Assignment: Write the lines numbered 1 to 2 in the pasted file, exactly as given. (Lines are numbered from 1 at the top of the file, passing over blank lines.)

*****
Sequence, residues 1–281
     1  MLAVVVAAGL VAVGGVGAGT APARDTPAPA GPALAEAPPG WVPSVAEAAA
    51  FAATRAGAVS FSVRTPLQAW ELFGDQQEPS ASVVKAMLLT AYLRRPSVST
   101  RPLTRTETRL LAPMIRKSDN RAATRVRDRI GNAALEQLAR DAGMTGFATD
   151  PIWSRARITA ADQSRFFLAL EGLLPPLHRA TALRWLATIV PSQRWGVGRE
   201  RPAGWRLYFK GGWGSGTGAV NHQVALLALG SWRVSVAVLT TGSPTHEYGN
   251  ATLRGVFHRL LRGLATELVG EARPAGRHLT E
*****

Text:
Sequence, residues 1–281
     1  MLAVVVAAGL VAVGGVGAGT APARDTPAPA GPALAEAPPG WVPSVAEAAA